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HIV infection and malignancy: Management considerations

Authors
Liron Pantanowitz, MD
John F Deeken, MD
Section Editor
Bruce J Dezube, MD
Deputy Editor
Sadhna R Vora, MD

INTRODUCTION

HIV-infected individuals have an increased propensity to develop malignancy. The occurrence of an extremely high number of cases of Kaposi sarcoma (KS) was noted early in the AIDS epidemic and many of them had an unusually aggressive clinical course. KS was therefore included as an AIDS-defining illness in early case definitions from the Centers for Disease Control and Prevention (CDC). Non-Hodgkin lymphoma (NHL) and invasive cervical carcinoma were subsequently added as AIDS-defining conditions.

Subsequently, the spectrum of neoplasia in HIV-infected patients has changed as the use of potent antiretroviral therapy (ART) has become widespread (table 1). The incidence of KS and NHL has decreased markedly, but there has been a relative increase in malignancies that collectively are referred to as non-AIDS-defining cancers (NADCs) compared with the general population. NADCs now are a major factor contributing to mortality in HIV-infected people.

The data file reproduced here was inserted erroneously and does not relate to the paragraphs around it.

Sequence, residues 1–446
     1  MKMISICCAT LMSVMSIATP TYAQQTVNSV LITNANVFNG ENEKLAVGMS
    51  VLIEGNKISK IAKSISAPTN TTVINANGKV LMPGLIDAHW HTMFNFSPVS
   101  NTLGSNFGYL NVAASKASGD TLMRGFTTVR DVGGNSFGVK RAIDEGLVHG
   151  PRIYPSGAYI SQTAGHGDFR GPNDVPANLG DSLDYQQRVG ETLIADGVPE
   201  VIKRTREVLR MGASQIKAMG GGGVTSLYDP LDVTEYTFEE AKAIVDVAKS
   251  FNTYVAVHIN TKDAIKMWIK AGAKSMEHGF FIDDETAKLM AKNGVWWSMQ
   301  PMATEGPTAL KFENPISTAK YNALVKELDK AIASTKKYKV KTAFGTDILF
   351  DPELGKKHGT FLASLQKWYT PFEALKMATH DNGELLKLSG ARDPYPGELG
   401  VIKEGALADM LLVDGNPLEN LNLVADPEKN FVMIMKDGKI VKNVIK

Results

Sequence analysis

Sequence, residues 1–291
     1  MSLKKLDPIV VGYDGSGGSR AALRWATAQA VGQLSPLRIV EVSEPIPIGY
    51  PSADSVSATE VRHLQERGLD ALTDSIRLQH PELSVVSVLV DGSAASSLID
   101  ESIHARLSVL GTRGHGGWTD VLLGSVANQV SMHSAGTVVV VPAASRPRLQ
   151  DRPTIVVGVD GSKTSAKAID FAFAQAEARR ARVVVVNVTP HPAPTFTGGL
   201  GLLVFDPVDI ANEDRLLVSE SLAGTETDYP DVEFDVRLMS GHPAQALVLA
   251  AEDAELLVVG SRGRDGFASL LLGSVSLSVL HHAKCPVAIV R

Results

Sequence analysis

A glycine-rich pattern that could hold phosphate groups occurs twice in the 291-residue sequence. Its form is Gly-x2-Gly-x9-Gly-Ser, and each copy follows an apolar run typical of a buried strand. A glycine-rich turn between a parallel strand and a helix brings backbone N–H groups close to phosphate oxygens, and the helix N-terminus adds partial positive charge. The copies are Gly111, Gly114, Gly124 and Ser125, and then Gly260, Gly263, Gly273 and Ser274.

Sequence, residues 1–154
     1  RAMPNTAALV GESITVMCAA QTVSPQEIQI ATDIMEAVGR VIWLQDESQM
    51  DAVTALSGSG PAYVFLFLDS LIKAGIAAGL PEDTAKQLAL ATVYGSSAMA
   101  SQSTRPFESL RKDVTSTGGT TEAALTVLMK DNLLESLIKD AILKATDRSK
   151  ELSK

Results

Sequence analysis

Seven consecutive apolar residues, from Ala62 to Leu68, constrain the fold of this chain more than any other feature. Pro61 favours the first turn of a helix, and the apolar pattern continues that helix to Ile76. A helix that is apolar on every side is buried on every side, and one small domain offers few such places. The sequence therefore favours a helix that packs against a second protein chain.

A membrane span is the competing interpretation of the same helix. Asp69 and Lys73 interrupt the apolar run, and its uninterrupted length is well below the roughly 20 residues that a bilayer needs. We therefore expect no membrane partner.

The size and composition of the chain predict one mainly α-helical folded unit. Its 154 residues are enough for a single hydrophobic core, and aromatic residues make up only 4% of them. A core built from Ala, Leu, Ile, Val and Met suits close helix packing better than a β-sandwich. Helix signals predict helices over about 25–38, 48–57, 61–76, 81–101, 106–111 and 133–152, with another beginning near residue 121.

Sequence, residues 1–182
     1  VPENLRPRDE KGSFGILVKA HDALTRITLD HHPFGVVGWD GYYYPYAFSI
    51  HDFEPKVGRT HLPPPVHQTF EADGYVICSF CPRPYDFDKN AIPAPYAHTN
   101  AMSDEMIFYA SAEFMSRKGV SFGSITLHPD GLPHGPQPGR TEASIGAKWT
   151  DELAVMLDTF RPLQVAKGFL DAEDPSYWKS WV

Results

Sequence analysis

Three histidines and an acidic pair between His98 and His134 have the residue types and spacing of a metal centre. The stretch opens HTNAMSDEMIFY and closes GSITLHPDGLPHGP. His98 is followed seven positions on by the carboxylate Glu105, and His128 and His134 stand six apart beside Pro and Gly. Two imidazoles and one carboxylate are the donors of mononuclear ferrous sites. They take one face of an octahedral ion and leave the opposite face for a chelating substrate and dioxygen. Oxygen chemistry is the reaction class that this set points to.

This topic will review general management considerations for patients with HIV and a malignancy, as well as a discussion of specific malignancies. The epidemiology and pathogenesis of malignancy in people infected with HIV are discussed separately. (See "HIV infection and malignancy: Epidemiology and pathogenesis", section on 'Introduction'.)

CLINICAL IMPLICATIONS

Malignancies in patients infected with HIV are often characterized by earlier age at onset, atypical pathology (higher tumor grade), more aggressive clinical behavior, and/or more advanced stage at presentation [1,2]. These features may have implications for screening and treatment, and may contribute to a poorer outcome, with rapid progression, a high rate of relapse, and a worse response to treatment.

Screening and prevention — The increased incidence of selected cancers in HIV-infected patients, combined with the younger age of onset and the altered biology, raise the question of whether more aggressive screening is indicated [2-4]. Most cancer screening guidelines do not make separate recommendations for individuals infected with HIV, with the exception of the European AIDS Clinical Society [5].

                               

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Literature review current through: Nov 2016. | This topic last updated: Tue Aug 30 00:00:00 GMT+00:00 2016.
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